• Id love to hear your thoughts on the pros and cons of introducing “workflow” as part of the product when you stitch together features. I have seen this be both the blessing and curse of different companies. Photoshop being a great collection of features with no workflow and SFDC being all about implementing workflow.

    • It’s not that workflow is bad, but it’s kind of the cliche crutch that people think about when they can’t figure out what else to add to their feature set. Sometimes it makes sense (specifically for certain products that are already collaborative by nature). Often it really doesn’t. And remember that entire businesses are built around workflow – it’s a serious rabbit hole that you can forever find yourself trapped in…

      • As you might guess from our past lives, I am an avid fan of avoiding workflow at all costs. I think its a siren song for startups but oddly a critical endeavor for enterprise players as a lock in strategy. Loose collections of features that can be sewn into bespoke workflows to “feel” like a solution is a big takeaway i have learned over time. The one thing I know about workflow is no matter how you implement, it won’t work for someone šŸ™‚

  • devahaz

    Excellent post. As someone who worked on an email management startup for 5+ years, I’d add one point from that experience. It’s very easy to be deceived into thinking the solution is less fragmented than it really is. A lot of people will talk about a solution in the same way in interviews/feedback, but it’s only when you dig deep into real usage data plus actually sit and observe their usage that you realize they’re all saying the same thing but doing very different things. And when you’re a layer away from the actual data/platform, it can make finding that out quite challenging.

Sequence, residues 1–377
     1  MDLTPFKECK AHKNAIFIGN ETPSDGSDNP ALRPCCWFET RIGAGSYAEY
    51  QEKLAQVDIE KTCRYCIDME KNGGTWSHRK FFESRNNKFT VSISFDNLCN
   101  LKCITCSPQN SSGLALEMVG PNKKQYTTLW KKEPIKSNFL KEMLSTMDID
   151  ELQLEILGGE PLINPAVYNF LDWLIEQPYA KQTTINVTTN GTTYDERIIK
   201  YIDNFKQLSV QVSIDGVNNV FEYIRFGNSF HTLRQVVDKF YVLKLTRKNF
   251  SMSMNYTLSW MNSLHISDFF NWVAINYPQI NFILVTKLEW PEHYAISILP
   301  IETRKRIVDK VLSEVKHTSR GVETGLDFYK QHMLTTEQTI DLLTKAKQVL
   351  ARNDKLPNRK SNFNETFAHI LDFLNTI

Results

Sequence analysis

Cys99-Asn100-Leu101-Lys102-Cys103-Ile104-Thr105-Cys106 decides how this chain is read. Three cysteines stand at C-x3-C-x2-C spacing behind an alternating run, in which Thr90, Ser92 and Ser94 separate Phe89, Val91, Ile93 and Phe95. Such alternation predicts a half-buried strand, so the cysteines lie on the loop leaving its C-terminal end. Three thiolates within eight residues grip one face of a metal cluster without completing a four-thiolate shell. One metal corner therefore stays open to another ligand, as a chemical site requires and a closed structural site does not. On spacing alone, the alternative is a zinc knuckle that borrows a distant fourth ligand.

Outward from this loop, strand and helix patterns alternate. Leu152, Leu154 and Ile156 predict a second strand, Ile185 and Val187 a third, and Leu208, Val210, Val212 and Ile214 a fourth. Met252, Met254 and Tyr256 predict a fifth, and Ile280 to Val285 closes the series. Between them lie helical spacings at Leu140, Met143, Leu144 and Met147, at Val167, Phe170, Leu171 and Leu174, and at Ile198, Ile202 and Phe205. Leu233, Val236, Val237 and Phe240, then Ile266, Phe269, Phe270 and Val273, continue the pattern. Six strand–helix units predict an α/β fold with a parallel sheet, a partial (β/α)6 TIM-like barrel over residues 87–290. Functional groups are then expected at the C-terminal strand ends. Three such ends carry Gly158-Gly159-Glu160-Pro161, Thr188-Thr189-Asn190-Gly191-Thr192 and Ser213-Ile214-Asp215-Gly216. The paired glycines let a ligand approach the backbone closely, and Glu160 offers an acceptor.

• I’m sorry to pick on your former space… but it’s such a great example of a HUGE market but one that’s too fragmented in which to build a company (or really even a product).

      Your point about digging deeper with customers. Too many companies to drop level research that I sometimes describe as “weight loss” – meaning that if you ask people if they’d like to lose weight the answer is yes. If you stopped there and didn’t mention that your diet involved eating dirt 2 meals a day you would draw the wrong conclusion…

      Appreciate the comment.